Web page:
@doschicos is correct about the general requirements. He has pretty much ALL of them done, but at least most of his classes will still count for something. He went from Agribusiness to Ag communications to agricultural education. So besides the normal gen eds he also had a decent number of Ag classes that all 3 majors require. Which is definitely helpful.

    One thing that could hold him up is the transfer policy on a couple of his ag classes. For the AG communications major he just needed a certain # of credit hours in any ag class. For the education major he needs specific classes. So he needs the department to accept his classes from the other school. Otherwise he has a couple he will retake basically the same class. On one of them the hold up is the old school also had a lab as part of the class. So they currently are saying he has to retake the class without the lab because that makes it not exactly the same. His advisor was hopeful that he could get a waiver but not certain. If he can't, definitely will need the extra half year.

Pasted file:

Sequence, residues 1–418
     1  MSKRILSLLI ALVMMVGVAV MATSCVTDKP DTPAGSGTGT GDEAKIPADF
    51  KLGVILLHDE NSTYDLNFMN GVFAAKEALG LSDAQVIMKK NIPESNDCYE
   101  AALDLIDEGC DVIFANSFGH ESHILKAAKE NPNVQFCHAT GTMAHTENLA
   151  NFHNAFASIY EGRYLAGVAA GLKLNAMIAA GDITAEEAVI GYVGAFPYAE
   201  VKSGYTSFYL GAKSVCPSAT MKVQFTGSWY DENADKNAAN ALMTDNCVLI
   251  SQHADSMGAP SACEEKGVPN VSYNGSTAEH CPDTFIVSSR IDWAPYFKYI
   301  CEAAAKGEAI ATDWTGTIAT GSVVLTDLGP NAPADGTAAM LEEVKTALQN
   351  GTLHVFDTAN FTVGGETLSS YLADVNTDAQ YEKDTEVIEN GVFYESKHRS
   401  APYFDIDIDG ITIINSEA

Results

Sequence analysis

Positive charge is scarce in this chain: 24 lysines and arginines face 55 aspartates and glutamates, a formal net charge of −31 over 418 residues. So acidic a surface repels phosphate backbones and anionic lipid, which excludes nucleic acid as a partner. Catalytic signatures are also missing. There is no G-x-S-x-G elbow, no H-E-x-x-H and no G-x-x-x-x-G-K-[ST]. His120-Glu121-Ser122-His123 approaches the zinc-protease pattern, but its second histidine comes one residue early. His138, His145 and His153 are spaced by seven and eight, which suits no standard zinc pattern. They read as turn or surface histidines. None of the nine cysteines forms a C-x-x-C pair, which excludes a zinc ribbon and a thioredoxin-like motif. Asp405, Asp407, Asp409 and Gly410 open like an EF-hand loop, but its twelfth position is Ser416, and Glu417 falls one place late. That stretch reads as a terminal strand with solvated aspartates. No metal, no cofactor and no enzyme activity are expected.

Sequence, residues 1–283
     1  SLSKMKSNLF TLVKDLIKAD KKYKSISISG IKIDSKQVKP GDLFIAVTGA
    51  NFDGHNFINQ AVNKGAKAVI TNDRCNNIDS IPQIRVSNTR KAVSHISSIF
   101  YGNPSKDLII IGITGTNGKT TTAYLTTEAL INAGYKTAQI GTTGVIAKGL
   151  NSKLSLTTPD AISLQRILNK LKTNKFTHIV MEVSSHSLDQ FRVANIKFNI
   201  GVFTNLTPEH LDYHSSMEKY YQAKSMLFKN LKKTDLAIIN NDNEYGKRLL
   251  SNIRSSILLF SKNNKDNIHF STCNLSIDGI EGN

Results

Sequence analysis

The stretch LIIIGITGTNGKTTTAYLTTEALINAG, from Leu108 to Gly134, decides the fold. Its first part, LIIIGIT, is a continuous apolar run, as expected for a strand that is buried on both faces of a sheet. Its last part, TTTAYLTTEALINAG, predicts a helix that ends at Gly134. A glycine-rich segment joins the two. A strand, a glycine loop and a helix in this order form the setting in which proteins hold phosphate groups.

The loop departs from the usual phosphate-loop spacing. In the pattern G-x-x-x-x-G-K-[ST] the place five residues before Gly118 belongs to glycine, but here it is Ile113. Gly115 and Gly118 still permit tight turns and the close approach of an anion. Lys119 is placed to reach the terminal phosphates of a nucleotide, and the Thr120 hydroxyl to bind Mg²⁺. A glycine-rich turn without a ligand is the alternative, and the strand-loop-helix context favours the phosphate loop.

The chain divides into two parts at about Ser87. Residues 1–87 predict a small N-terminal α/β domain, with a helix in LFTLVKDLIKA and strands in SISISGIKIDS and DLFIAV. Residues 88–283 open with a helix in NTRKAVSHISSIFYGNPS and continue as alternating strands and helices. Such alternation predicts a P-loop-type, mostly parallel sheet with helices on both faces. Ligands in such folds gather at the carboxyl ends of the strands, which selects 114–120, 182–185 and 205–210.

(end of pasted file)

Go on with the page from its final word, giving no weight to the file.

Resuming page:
Mostly I'm happy he isn't running into prerequisite problems. He would have added an extra year if the advisor didn't get him into the full class, because he needs it for the upper level classes and it is only offered in the spring.
    · Reply · Share
  • doschicosdoschicos 21990 replies232 threads Senior Member
    Seems like his advisor is helpful and cooperative. That will help a lot.
    · Reply · Share
  • austinmshauriaustinmshauri 9225 replies344 threads Senior Member
    It's too bad he had so many problems with his ex and that she was able to influence the course of his studies, but it's great that you can help him get back on track. If your budget limit is an extra year, make sure he knows. He may be able to cut down on time and cost by taking summer courses at a cc.
    · Reply · Share
  • HippobirdyHippobirdy 546 replies1 threads Member
    Agree with above, it's good you can help him and his advisor is a big help. So glad to hear how you're both doing.
    Sometimes there are delays through no fault of student and the advisor is the key for waivers. Cheering for you both to keep going.
    · Reply · Share
  • lookingforwardlookingforward 35106 replies398 threads Senior Member